‘I learned early on that if you don’t want your memos to get you in trouble someday, just don’t write any.’

The Government is keen on transparency – especially if it’s about what money is spent on or how much public servants are paid. Increasingly data is being published on-line in usable formats, Council meetings are on YouTube, and politicians blog and tweet. Transparency has certainly had some impact but will it lead us to a greater understanding of why decisions are made or enable us to hold decision makers to account?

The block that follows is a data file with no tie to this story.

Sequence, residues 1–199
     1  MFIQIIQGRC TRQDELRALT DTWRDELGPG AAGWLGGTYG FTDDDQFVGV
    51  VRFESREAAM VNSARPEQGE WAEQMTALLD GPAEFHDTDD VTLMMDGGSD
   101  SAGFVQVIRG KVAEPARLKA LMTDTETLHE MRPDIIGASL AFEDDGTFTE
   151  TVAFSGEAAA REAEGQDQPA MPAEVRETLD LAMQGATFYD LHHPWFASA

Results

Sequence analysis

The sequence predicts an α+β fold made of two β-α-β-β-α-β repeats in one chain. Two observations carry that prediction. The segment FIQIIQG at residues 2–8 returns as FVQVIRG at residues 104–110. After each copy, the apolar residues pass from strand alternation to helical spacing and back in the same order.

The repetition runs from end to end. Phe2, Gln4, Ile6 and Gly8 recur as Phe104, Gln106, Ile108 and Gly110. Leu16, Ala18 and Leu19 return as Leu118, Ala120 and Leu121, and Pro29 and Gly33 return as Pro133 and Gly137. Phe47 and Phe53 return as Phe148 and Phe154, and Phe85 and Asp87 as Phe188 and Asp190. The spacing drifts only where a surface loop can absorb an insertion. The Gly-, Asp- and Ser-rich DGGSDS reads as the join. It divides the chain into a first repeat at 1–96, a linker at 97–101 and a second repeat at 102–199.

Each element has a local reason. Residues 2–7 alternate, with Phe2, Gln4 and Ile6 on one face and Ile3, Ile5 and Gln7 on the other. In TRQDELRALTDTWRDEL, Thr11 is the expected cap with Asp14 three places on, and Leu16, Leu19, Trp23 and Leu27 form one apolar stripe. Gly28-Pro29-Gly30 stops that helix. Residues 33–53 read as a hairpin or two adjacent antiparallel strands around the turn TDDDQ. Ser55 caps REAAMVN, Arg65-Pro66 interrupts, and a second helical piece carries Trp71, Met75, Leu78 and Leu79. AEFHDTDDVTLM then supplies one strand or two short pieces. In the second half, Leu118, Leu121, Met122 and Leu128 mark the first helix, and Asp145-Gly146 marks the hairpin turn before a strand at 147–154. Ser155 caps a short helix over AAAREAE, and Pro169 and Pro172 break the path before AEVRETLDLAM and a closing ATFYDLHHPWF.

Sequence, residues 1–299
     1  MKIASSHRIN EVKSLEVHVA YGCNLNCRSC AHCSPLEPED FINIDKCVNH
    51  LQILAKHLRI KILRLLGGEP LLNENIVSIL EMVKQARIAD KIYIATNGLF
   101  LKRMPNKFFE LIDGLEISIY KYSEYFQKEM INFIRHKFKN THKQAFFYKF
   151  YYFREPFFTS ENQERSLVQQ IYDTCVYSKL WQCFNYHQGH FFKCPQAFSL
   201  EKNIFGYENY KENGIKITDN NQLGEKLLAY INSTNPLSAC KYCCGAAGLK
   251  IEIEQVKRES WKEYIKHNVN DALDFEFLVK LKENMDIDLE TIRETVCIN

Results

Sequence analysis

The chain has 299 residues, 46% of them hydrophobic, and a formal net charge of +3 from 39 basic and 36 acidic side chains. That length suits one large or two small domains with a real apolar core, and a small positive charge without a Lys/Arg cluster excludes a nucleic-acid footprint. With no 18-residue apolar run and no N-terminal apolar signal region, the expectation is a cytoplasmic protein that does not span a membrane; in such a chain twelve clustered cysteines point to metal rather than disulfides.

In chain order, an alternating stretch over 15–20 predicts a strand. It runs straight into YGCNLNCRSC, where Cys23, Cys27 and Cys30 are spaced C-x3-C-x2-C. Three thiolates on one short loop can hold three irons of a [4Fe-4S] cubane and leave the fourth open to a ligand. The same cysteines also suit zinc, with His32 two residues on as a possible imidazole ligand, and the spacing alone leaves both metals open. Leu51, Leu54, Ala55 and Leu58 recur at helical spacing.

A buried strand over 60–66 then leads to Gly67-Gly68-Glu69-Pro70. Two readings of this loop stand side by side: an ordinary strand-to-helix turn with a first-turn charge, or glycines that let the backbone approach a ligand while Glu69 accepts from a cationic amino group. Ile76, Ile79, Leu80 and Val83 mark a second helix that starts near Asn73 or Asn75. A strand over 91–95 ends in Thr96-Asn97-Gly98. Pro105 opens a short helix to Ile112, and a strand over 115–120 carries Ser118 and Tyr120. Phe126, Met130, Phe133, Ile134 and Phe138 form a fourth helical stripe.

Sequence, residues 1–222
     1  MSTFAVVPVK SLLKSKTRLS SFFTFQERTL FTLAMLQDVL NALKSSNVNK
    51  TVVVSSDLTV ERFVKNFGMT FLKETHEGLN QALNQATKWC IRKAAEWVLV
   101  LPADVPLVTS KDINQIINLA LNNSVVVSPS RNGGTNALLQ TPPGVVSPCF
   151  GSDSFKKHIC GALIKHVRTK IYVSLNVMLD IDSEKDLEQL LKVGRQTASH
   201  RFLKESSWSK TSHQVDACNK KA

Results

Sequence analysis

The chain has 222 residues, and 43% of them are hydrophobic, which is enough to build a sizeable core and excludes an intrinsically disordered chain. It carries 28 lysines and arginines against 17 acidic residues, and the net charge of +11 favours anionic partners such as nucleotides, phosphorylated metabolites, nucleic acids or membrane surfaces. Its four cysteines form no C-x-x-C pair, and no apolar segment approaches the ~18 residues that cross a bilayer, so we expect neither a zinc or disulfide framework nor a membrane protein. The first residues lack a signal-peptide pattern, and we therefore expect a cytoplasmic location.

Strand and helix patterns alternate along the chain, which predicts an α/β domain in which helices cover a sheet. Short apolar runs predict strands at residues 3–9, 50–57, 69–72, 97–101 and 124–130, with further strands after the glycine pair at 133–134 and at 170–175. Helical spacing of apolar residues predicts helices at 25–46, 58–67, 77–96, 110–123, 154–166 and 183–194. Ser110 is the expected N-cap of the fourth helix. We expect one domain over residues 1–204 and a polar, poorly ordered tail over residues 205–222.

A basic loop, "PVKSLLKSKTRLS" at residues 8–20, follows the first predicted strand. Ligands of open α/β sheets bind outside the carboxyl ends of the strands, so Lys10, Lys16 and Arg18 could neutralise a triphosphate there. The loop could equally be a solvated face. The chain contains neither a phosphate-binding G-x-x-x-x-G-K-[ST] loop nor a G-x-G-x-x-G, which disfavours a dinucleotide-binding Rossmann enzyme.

While I hope that transparency will increase accountability I have a nagging, and growing, doubt. Those invoices over £500 that are being published, let’s be honest, it’s difficult to know if the expenditure represents value for money without understanding more of its context. If I book a conference at a Racecourse is it better value for money than a hotel? Transparency has helped me know which one will get more flack regardless of cost – so perhaps that will inform my decision next time? If I try to hold MPs to account on the basis they promised something at an election and then changed their minds I’m told that ‘once we got in and saw the mess we had no choice.‘ If I dig into performance data I begin to wonder if anyone has heard of data quality? Its fine publishing data – but if it isn’t accurate am I any the wiser – maybe I’m just more misled than I would have been without it? Undoubtedly some of these things are teething troubles – old dogs learning new tricks – but will they all, ultimately, lead to the same place? The problem is that transparency is nothing without information and interpretation. Even then its just a path to a longer road.